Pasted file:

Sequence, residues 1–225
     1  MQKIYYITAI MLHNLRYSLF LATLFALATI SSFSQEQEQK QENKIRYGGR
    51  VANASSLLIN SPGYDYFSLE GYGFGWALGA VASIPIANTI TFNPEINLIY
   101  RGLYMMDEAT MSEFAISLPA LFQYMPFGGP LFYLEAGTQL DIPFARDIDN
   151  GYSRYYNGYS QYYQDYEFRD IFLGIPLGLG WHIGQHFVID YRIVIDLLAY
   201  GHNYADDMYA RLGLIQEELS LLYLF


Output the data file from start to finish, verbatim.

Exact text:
Sequence, residues 1–225
     1  MQKIYYITAI MLHNLRYSLF LATLFALATI SSFSQEQEQK QENKIRYGGR
    51  VANASSLLIN SPGYDYFSLE GYGFGWALGA VASIPIANTI TFNPEINLIY
   101  RGLYMMDEAT MSEFAISLPA LFQYMPFGGP LFYLEAGTQL DIPFARDIDN
   151  GYSRYYNGYS QYYQDYEFRD IFLGIPLGLG WHIGQHFVID YRIVIDLLAY
   201  GHNYADDMYA RLGLIQEELS LLYLF